north-west of the country. The highest
mountain of both England and Wales is
Snowdon itself which is 3,561 feet high
Carnedd Dafydd (3427 ft) and Carnedd
Llewelyn (3,485 ft) are also worth
mentioning as well-known mountains on
Wales.
Today the northwest of Wales is
known as that part of the country where
the Welsh language and Welsh way of
life are more predominent.
Woodland is sparse as grazing
sheep and the charcoal burners of the
19th century destroyed most of it. The
valleys are quite different from the
uplands. The climate is milder as they
are sheltered from high winds. At the
higher levels sheep farming is still of
great importance, but in the lower
valleys there is a marked change from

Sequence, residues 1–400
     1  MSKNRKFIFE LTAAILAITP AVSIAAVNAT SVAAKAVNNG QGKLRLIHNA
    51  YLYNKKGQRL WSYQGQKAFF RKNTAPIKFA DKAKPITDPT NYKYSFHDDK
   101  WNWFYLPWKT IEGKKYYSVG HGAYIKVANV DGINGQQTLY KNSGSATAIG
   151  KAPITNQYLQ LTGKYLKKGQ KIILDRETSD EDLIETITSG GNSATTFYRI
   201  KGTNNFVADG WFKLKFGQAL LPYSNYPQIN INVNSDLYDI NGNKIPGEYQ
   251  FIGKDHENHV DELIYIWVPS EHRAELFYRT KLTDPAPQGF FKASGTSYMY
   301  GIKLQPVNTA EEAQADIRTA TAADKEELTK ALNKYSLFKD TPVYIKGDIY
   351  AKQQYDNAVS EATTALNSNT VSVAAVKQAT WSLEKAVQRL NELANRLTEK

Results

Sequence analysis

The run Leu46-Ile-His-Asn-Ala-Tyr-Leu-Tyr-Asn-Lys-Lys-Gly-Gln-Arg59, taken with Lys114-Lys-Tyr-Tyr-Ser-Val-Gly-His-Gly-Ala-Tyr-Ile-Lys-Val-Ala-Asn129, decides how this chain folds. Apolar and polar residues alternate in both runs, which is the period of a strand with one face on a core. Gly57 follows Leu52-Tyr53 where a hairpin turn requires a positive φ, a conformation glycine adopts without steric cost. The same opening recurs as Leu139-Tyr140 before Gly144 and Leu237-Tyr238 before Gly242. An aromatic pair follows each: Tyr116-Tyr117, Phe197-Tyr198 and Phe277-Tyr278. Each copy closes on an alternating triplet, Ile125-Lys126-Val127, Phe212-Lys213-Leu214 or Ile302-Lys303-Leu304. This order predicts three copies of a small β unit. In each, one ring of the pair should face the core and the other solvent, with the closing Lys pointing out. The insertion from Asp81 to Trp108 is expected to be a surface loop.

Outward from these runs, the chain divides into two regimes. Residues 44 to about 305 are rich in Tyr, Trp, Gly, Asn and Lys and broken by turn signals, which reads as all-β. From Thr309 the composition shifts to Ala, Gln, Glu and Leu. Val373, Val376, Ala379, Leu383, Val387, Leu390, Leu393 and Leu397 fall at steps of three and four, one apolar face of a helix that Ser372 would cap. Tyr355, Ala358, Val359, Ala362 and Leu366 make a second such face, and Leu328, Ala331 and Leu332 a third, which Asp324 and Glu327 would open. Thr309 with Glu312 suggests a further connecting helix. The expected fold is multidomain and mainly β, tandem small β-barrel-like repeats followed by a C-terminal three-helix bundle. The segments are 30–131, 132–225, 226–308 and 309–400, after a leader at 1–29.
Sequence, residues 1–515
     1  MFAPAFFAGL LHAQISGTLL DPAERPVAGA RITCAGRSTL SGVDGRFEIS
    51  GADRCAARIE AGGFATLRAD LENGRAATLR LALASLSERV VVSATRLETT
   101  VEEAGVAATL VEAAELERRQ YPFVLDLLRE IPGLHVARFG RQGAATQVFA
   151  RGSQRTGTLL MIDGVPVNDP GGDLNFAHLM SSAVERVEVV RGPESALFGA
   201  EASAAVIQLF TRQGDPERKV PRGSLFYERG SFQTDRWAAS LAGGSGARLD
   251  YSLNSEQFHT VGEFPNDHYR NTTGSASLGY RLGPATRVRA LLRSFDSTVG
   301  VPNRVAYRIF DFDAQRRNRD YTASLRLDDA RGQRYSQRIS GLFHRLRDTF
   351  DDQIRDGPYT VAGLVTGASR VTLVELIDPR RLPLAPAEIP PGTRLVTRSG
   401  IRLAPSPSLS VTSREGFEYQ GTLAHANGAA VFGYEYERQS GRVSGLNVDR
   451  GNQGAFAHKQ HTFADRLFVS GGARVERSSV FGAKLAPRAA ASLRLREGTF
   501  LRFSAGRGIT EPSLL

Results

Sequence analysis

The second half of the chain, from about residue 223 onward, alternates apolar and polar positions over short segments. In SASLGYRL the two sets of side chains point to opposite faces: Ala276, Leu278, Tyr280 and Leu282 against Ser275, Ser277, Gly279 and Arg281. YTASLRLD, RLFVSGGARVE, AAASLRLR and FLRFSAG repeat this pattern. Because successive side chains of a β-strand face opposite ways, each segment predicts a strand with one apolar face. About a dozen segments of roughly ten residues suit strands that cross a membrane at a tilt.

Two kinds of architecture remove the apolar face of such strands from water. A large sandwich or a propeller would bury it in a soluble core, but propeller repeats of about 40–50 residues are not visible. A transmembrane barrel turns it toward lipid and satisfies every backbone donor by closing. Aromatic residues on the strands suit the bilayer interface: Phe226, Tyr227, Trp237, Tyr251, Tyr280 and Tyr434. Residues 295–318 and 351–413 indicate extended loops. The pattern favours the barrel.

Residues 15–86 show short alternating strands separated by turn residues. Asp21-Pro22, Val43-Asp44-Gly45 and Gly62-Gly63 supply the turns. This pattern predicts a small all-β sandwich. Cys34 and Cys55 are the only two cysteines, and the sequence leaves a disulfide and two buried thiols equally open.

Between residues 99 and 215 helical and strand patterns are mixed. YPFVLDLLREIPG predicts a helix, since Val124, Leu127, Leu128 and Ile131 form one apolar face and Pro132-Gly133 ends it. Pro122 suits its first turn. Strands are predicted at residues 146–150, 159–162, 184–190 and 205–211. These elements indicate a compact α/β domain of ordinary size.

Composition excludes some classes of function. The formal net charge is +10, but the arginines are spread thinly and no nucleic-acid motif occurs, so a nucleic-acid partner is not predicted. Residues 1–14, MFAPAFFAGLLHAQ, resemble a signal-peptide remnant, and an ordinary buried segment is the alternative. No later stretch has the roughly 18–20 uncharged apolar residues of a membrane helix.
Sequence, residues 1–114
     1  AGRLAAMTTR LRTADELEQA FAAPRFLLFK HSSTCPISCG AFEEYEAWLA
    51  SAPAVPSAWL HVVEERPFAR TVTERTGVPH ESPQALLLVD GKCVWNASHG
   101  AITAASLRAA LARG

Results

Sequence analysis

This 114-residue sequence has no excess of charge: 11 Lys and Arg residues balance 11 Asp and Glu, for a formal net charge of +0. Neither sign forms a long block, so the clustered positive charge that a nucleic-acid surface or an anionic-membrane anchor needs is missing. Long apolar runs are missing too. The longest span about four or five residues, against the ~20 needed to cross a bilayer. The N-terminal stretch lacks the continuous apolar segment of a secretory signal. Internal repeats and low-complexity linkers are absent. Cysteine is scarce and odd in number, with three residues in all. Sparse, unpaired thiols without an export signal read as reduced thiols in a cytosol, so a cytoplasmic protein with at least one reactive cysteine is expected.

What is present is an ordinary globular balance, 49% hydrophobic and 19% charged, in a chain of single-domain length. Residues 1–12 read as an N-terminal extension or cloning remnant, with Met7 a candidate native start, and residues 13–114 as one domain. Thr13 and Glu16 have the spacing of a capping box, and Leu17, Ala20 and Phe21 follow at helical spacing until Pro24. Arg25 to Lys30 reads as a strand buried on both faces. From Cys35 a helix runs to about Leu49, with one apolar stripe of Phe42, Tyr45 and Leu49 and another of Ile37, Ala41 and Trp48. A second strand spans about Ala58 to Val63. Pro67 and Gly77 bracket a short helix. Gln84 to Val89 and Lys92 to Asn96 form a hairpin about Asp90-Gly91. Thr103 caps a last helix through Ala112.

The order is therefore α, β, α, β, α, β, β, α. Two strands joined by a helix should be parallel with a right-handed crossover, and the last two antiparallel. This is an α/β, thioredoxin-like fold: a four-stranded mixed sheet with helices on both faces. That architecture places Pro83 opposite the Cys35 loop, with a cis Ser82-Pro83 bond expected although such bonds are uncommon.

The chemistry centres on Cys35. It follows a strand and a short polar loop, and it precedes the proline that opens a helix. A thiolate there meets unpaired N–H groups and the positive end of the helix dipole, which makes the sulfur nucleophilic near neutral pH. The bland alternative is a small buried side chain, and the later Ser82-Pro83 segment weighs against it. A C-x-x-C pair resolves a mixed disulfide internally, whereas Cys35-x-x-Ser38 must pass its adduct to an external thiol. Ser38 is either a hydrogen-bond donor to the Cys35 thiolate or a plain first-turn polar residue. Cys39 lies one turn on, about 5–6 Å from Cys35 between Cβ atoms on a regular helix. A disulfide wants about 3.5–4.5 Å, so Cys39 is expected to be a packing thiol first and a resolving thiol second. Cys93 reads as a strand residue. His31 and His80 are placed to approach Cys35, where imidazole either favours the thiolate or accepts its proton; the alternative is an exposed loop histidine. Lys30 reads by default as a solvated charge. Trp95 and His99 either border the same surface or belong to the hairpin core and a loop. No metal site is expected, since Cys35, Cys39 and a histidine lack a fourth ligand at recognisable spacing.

sheep to cattle. In the lower valleys
farmland is richer and settlements are
much larger. The climate of these parts
is much better as it is influenced by the
nearness of the sea and the decreasing
height.
There are many lakes in the Snowdon country. To the northwest of this area is the isle of Anglesey
which is a remnant of a very ancient land mass.
To the south and east of the Snowdon massif the country is still highland, though, less mountainous
in character. Sometimes, however, peaks like Cader Idris (2,927 ft) present, once more, mountain
features.
In Snowdonia there are numerous foxes and occasional herds of wild goats and mountain ponies.
Otters are fairly common in the largest rivers and badgers can be seen in woodlands.
Rainfall is relatively heavy in Snowdonia but it is considerably less than in the coastal areas and in
the Llyn peninsula.
The most important
towns of this area are
Colwyn Bay, Llandudno,
Pembroke, Carmarthen,
Aberystwyth and Conway.
Colwyn Bay, Llandudno
and Conway lie along the
coast. Aberystwyth is a
resort located on Cardigan
Bay. Carmarthen and
Pembroke are important
distributing centres for the
farmland products of the
southwest.